Rescue group says man who reported abandoned cats has recanted his story

By The Canadian Press

ALIX, Alta. — An animal rescue society says a man who reported 15 cats and kittens in plastic storage boxes on the side of an Alberta highway has recanted his story.

The Alberta Animal Rescue Crew Society says in a Facebook post that the man contacted them Friday night and told them the felines belonged to a family member who wasn’t able to care for them.

The post says the man used plastic containers to remove the cats from the home “out of deep concern” for the welfare of the animals as well as for children in the home, but then couldn’t find anywhere that would accept them.

The Saving Grace Animal Society earlier said the felines were discovered in taped-up tubs near train tracks between Erskine and Stettler.

The boxes had air holes punched in them, but the kittens were soaked in their own urine and feces.

The Alberta Animal Rescue Crew Society has been caring for the cats, and says in the post that the man has presented himself to authorities.

“He made multiple attempts to find placement for these cats, but was defeated. Losing hope and with nowhere to turn, he took drastic measures in an effort to force attention to the state of these cats,” the group’s Facebook post states.

“We understand the logic is difficult to comprehend, but we also understand the hopelessness one feels when in a situation where there are animals in need of help.”

Alberta SPCA spokesman Dan Kobe said there is still an investigation into the case.

“If we find that someone should be held responsible for causing distressed animals then we’ll lay charges,” Kobe said in an interview Saturday.

Kobe said he wasn’t aware if police were investigating the false report, saying it would be up to the Alberta Animal Rescue Crew Society to report it.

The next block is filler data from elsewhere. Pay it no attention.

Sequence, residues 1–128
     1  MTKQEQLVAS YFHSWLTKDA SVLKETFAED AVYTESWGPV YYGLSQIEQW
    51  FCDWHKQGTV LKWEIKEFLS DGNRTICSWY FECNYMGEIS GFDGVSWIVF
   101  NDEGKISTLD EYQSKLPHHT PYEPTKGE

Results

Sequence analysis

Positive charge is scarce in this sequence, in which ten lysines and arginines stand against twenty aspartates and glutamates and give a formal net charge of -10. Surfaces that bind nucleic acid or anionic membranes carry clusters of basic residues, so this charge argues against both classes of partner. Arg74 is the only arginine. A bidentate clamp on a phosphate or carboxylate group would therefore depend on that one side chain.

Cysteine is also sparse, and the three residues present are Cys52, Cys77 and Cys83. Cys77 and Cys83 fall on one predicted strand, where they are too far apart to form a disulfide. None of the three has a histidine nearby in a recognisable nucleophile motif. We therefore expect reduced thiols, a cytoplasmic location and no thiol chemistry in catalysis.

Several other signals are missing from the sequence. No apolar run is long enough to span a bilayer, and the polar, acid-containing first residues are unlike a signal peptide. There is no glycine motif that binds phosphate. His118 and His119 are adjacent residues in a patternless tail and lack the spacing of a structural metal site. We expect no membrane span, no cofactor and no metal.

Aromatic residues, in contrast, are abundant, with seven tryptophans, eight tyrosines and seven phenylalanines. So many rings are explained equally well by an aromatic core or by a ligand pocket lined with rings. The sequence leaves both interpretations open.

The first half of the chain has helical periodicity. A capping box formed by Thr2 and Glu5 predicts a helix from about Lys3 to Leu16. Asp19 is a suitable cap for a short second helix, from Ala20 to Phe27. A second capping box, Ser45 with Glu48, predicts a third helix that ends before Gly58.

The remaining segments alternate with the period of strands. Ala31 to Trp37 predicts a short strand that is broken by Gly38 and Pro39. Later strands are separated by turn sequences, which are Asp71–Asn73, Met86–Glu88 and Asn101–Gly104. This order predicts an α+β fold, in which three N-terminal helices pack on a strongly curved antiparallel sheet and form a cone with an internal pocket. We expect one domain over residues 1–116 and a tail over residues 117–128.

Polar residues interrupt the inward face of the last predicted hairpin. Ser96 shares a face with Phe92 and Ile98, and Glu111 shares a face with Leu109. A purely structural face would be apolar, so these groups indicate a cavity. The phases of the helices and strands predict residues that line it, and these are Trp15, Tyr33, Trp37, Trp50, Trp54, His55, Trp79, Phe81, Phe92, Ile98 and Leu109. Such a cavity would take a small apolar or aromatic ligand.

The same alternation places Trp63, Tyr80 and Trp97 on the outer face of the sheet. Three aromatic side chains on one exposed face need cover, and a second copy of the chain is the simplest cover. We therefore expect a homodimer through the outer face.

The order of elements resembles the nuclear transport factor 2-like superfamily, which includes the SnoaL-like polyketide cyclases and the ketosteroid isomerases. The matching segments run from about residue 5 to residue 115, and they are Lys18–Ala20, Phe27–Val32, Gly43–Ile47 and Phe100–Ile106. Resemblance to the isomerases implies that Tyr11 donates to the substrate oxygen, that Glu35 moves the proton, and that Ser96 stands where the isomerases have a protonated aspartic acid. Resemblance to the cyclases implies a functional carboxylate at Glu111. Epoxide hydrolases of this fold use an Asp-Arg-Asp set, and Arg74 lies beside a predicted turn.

No one from the Alberta Animal Rescue Crew Society was immediately available for comment. An Alberta RCMP spokesman said he was not aware of whether police were investigating the report.

Many of the responses to the society’s Facebook post appeared sympathetic to the man’s plight, with one commenter writing that “all is forgiven.”

Kobe said it’s fairly common for someone who is trying to surrender animals to be told that the agency they’ve approached simply doesn’t have the room. All rescue organizations are dealing with a lot of cats, he said, and their shelters are all either at capacity or near capacity.

Keep calling until someone can help you out, Kobe said, noting the SPCA can provide information on who to call.

He said euthanasia is always an option, but if the cat is healthy, there is usually somewhere that can help find it a new home.

“Folks should not expect they’ll be able to find a home for a cat within a day or two. It might take a little bit of work but if they continue to work at it, usually they can find a place somewhere that can take the cat, even if it takes a couple weeks or a couple months,” Kobe said.

—By Rob Drinkwater in Edmonton

The Canadian Press

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